If you don’t have reserves or if the building collects money as all the repairs are done, you should expect to pay more than the usual monthly assessments from the first day after you join this association.

In your situation, you expect to pay around $10,000 for balcony repairs. We would like to know if you had the unit inspected and if the inspector noted any issues with the balcony. We would also like to know if there were any board minutes discussing the issues with the balconies. Finally, we would like to know if the state your condo is in has any seller disclosure requirements that would require the seller to tell you about the balcony issue – if the seller knew about the issue.

Sam has many clients who never participate or care about running their condominiums. They simply live in their units and leave the management of the building to others. It would be difficult to prosecute this seller if he was not aware of a problem with his building. Others are intimately involved with their buildings and notify buyers of any issues with their buildings.

Should your seller have informed you of this problem? Does it reach the threshold of a seller disclosure case? To find out, you may need to talk to another lawyer about your situation. Some state seller disclosure laws allow you to sue the seller for non-disclosure and would allow you to recover any attorney’s fees you incur if you win. That would be something to discuss with a lawyer on this matter.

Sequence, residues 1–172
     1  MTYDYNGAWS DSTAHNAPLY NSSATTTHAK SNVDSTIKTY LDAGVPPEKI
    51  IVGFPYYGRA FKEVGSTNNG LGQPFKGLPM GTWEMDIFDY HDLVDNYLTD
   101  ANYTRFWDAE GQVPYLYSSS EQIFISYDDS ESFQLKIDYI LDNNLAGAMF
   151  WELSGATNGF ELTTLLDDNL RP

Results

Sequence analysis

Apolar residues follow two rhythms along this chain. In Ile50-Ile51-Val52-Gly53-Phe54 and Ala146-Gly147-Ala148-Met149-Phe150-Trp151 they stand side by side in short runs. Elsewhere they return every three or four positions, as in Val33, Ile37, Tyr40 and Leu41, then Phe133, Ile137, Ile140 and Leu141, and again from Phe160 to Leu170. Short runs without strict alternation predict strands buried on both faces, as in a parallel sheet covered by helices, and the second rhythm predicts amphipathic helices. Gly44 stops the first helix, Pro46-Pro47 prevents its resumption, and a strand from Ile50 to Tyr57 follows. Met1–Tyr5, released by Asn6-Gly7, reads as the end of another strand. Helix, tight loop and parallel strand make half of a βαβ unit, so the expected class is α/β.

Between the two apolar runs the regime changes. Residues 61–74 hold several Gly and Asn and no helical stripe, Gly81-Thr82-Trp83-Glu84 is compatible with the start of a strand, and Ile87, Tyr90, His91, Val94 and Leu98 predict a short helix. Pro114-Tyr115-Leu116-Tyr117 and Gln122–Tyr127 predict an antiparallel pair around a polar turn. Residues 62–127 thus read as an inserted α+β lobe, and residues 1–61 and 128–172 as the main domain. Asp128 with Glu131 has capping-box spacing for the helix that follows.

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Finally, living and managing a small self-managed condominium syndicate can be a thankless job. Unit owners don’t like having to pay for repairs. The volunteer landlords who manage the building’s affairs bear the brunt of unit owners’ wrath when assessments rise or a special assessment is imposed.

Unfortunately, buildings need upkeep, repairs, upkeep, upgrades, and redecoration, among other things, and that costs money. You may be living in a building that needs major repairs, and the council’s volunteer officers believe it’s best not to deal with the many angry unit owners. But that just leaves the building in worse shape. We hope unit owners can come together and figure out what needs to be done and how fast and moves to do it as best they can.

Furthermore, if the association does not have enough money on hand to carry out repairs, it will have to collect money; and once it has sufficient funds, the association can hire a contractor to take care of the balconies. As you can imagine, the contractor won’t want to do the work and wait six years to get paid. If the building got a loan from a bank to pay for the repairs, we suspect that they will borrow that money, undertake the repairs and then use the money from the special assessments to pay off the loan. Again, this takes time.

We suggest that you attend board meetings and familiarize yourself with the people who manage the building. See if you can help them. Consider introducing yourself to the board. It may take some time, but it will definitely help you understand where your property is, and the pros and cons of owning a unit in a small condominium.

Ilyce Glink is the author of “100 questions every first-time home buyer should ask(Fourth Edition). She is also the Managing Director of Best Money Moves, an app employers provide to employees to measure and reduce financial stress. Samuel J. Tamkin is a Chicago-based real estate attorney. Contact them via the website,